It is unlawful for any person to offer or sell in this state any security in an issuer transaction (other than in a transaction subject to Section 25120 [a recapitalization or reorganization]), whether or not by or through underwriters, unless such sale has been qualified under Section 25111, 25112 or 25113 (and no order under Section 25140 or subdivision (a) of Section 25143 is in effect with respect to such qualification) or unless such security or transaction is exempted or not subject to qualification under Chapter 1 (commencing with Section 25100) of this part.
California Corporations Code Section 25102 states,”The following transactions are exempted from the provisions of Section 25110:”
(f) Any offer or sale of any security in a transaction (other than an offer or sale to a pension or profit-sharing trust of the issuer) that meets each of the following criteria:
(1) Sales of the security are not made to more than 35 persons, including persons not in this state.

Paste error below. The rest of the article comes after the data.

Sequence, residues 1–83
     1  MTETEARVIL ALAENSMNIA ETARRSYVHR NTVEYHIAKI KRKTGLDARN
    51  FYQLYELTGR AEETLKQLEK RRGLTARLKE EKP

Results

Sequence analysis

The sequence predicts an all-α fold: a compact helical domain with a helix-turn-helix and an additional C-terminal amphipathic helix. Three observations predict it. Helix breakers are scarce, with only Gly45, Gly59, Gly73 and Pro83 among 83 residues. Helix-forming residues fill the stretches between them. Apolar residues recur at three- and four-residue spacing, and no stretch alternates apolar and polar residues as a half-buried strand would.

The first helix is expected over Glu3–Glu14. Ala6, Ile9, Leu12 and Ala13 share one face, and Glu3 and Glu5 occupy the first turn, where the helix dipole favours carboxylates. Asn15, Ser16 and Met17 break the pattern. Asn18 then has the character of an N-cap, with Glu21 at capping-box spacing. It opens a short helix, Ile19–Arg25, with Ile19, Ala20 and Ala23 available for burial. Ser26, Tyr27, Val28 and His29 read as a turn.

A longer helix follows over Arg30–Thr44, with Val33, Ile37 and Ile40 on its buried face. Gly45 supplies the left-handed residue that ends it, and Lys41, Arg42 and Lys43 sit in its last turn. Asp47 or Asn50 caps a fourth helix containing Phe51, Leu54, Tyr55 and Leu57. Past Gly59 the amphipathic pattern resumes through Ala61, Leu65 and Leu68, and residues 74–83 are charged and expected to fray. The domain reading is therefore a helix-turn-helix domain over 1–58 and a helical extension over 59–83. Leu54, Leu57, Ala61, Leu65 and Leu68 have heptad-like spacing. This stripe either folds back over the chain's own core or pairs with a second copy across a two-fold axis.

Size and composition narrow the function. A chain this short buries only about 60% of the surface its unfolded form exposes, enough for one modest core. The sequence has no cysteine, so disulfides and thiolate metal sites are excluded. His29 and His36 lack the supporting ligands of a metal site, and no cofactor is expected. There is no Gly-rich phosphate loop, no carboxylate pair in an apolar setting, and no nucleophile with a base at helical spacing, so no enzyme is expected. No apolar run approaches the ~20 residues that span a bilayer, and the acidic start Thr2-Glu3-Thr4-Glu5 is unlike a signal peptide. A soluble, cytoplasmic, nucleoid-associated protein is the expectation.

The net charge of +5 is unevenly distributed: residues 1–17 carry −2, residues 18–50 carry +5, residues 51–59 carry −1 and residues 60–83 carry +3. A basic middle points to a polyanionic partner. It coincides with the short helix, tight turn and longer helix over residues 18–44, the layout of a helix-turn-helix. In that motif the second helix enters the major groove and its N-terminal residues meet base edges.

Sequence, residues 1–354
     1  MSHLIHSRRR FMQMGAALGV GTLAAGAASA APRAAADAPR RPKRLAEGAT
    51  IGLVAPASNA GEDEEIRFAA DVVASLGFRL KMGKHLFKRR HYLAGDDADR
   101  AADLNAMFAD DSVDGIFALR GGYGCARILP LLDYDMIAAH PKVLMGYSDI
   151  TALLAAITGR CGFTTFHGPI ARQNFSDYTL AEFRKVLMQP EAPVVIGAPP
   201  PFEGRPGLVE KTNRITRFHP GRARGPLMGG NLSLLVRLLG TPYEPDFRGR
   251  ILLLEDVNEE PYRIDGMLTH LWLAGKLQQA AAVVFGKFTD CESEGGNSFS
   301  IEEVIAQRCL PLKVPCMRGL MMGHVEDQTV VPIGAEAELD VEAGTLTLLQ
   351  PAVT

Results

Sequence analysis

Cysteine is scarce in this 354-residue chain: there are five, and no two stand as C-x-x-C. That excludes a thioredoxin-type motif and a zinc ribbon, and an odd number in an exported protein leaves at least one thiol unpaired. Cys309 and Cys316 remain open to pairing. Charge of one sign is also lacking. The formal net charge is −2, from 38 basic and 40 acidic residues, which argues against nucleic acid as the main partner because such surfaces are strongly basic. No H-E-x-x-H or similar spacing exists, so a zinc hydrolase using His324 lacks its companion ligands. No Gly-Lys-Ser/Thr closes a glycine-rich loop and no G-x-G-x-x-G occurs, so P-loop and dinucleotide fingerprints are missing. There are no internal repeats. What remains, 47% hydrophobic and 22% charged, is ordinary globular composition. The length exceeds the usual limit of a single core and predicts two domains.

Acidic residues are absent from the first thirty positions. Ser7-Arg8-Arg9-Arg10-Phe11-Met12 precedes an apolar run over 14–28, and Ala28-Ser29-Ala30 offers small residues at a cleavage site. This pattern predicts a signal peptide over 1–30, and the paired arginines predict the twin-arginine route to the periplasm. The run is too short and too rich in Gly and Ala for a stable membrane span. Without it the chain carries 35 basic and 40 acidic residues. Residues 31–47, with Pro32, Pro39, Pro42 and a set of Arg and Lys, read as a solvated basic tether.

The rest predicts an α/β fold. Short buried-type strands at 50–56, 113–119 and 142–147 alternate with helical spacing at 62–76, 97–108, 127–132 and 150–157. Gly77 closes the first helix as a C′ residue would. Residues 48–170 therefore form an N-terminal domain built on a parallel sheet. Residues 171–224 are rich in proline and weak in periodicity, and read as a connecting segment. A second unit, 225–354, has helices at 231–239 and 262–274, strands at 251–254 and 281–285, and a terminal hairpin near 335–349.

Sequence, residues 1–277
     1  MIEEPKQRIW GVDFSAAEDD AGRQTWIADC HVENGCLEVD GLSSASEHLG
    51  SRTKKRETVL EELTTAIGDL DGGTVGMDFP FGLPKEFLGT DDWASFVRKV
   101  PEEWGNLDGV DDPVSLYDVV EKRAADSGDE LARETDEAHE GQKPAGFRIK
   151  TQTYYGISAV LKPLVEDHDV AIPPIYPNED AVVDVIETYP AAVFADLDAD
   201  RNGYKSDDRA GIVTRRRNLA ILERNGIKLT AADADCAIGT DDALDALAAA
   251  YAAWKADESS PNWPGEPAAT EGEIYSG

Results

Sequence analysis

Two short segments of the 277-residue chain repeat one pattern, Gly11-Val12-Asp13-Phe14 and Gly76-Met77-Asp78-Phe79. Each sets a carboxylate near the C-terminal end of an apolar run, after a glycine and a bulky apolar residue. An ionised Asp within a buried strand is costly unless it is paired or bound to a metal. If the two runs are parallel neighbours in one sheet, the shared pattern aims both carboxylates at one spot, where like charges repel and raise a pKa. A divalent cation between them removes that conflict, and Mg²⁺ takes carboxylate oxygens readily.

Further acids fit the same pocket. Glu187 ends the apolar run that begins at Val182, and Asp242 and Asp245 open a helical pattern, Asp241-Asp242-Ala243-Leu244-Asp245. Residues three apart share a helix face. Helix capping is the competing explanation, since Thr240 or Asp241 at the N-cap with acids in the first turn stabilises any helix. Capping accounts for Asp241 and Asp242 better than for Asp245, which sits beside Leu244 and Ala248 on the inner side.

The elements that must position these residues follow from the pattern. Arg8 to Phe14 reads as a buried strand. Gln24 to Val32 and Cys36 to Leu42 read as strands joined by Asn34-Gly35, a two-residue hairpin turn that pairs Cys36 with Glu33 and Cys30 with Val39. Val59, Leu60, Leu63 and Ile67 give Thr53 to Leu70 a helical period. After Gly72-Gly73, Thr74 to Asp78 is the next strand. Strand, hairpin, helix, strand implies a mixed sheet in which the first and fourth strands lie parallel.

(2) All purchasers either have a preexisting personal or business relationship with the offeror or any of its partners, officers, directors or controlling persons, or managers (as appointed or elected by the members) if the offeror is a limited liability company, or by reason of their business or financial experience or the business or financial experience of their professional advisers who are unaffiliated with and who are not compensated by the issuer or any affiliate or selling agent of the issuer, directly or indirectly, could be reasonably assumed to have the capacity to protect their own interests in connection with the transaction.